Letter of the Week – “Where should everything be on the ‘stage?'”

Pink Floyd Hot Stamper Pressings Available Now

Letters and Commentaries for Wish You Were Here

One of our good customers had some questions about the Hot Stamper pressing he had purchased:

Hey Tom, 

Hope you are fine! Please let me ask for a bit of help/advice. It may seem to be a stupid question, but it is essential to me to get clarity about my room and treatments.

It is about Wish you were here, the song on side two of the album. Got the white hot and it is sounding phenomenal.

Now my questions: It is about 1) the „huuhh“ followed by the 2) harrumph and the following 3) two tunings of the guitar.

1) Until yesterday the „huuhh“ was coming out between the loudspeaker, with small changes in the room treatment it is now coming from right, which sounds good. The accoustik guitar intro came before and comes after the changes from between the speakers. So my question: Should the „huuhh“ come from the middle or from the right. When coming from right the sound in general sounds more dynamic to me.

Hans,

Let me tell you what I can say without going back into the studio to play the record. These are some things that are generally true.

You are probably correct I am guessing. The reason for that is that the guitar is miked but not the vocal, meaning the vocal may be displaced in the soundstage due to phase issues. It is off-axis to the mic, and therefore “out somewhere,” not where the guitar is, because only the guitar is directionally miked.

2) The harrumph comes from the right side, right?

3) The two guitar tunings: first comes from the upper middle of the stage, the second comes from the right upper side, correct? Especially those two guitar tunings are in my opinion extremely fragile to changes, really minor changes in room acoustic and speaker placement, I would say half of a cm or so are enough for changes where they come from.

Would be great, if you can give me some input here. All in all, if half a year ago somebody would have told me my stereo sounds like it does now, I would have told him, that’s impossible. Now, I want even more, and the more I do, the more I am convinced that the room with the treatments together with speaker placement are the critical point.

All of this gets at the same questions – where should everything be on the “stage?”

The danger is making these judgments with one record is that you never want to optimize one record, only to find out afterwards that it sounds good but others you own don’t. Here is an old commentary about that:

In 2005, I Fell Into a Common Audiophile Trap

BS&T is a tough test too:

The Blood, Sweat and Tears Turn Up Your Volume Test

So the best thing to do is get all your hardest test records out and start playing them and making notes as you make changes to your system.

You are correct that speaker placement is very important. Room treatments too. I would add electricity to that list.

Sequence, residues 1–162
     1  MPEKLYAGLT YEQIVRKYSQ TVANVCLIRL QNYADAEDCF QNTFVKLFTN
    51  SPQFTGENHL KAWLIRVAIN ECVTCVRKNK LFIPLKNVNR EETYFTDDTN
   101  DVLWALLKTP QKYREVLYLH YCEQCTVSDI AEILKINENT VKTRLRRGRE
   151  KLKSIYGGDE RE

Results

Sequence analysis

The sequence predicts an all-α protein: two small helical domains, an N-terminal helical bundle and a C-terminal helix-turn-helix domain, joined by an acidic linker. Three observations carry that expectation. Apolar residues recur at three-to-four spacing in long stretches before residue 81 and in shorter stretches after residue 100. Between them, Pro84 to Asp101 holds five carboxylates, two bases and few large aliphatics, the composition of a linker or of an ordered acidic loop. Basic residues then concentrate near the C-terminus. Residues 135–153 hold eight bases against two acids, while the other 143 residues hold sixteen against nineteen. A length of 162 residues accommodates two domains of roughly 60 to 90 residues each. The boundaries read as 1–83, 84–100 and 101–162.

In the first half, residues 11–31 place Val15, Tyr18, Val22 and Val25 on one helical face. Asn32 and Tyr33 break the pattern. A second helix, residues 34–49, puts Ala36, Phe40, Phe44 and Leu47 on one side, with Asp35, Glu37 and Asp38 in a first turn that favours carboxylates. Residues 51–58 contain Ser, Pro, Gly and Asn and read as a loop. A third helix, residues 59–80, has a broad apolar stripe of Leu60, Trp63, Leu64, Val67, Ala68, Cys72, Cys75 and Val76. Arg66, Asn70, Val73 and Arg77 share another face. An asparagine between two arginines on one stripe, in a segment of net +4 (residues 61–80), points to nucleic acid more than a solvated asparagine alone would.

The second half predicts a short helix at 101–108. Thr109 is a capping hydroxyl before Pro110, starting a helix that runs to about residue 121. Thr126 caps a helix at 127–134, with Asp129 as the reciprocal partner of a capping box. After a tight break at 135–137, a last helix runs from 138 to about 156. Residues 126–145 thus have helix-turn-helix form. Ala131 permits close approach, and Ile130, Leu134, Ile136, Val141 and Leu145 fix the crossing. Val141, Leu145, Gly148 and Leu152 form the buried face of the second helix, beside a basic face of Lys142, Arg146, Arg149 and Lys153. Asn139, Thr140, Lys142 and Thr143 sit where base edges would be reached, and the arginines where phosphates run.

I said so in my review of the 45 RPM Tillerman:

Recently I was able to borrow a copy of the new 45 cutting from a customer who had rather liked it. I would have never spent my own money to hear a record put out on the Analogue Productions label, a label that has an unmitigated string of failures to its name. But for free? Count me in!

The offer of the new 45 could not have been more fortuitous. I had just spent a number of weeks playing a White Hot Stamper Pink Label original UK pressing in an attempt to get our new Playback Studio sounding right.

We had a lot of problems. We needed to work on electrical issues. We needed to work on our room treatments. We needed to work on speaker placement.

We initially thought the room was doing everything right, because our Go To setup disc, Bob and Ray, sounded super spacious and clear, bigger and more lively than we’d ever heard it. That’s what a 12 foot high ceiling can do for a large group of musicians playing live in a huge studio, in 1959, on an All Tube Chain Living Stereo recording. The sound just soared.

But Cat Stevens wasn’t sounding right, and if Cat Stevens isn’t sounding right, we knew we had a Very Big Problem. Some stereos play some kinds of records well and others not so well. Our stereo has to play every kind of record well because we sell every kind of record there is. You name the kind of music, we probably sell it. And if we offer it for sale, we had to have played it and liked the sound, because no record makes it to our site without being auditioned and found to have excellent sound.

And as for your stereo being so much better than you thought it could ever be, I wrote about that twenty years ago!

The Myth of Diminishing Returns in Audio

Hope all this helps. Feel free to email me anytime.

Best, TP


FURTHER READING

New to the Blog? Start Here

More Letters

Basic Concepts and Realities Explained 

Frequently Asked Questions (FAQ) 

Important Lessons We Learned from Record Experiments 

Key Tracks for Critical Listening 

Making Audio Progress 

My Stereo (and Thoughts on Equipment) 

Leave a Reply